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Modern Cryptography: Theory and Practice by Wenbo Mao

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Chapter 18. Zero-Knowledge Protocols

18.1 Introduction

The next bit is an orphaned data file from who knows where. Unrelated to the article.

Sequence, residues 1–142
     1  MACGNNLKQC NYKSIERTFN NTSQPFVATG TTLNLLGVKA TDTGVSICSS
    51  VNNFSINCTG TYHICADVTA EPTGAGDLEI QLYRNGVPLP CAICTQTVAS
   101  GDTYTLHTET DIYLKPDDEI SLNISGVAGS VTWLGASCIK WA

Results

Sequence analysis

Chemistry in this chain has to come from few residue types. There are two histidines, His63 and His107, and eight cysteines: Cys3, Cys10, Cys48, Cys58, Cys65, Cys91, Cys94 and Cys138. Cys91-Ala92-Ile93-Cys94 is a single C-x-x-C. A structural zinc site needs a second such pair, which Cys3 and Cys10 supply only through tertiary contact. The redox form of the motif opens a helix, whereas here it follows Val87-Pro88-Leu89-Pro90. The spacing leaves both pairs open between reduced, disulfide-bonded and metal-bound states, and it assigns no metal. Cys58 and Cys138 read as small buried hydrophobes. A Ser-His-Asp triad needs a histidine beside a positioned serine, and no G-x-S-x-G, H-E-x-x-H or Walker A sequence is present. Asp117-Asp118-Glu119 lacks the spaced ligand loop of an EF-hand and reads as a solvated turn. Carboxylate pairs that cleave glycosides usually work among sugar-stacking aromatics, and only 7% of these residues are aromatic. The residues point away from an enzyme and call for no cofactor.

A basic problem in cryptography is a two-party interactive game in which one party (called the prover) proves to the other party (called the verifier) that a predicate of a statement holds true without letting the latter learn how to conduct the proof as the former does. Here, the verifier on its own cannot verify the predicate due to the lack of some information which is available to the prover. The game has a general name of interactive proof (IP) protocol (system). We can consider a proof conducted by an IP protocol as “proof in the dark.” The phrase “in the dark” has two meanings: first, a verifier, after having been convinced the validity of what is proved, cannot have learned ...

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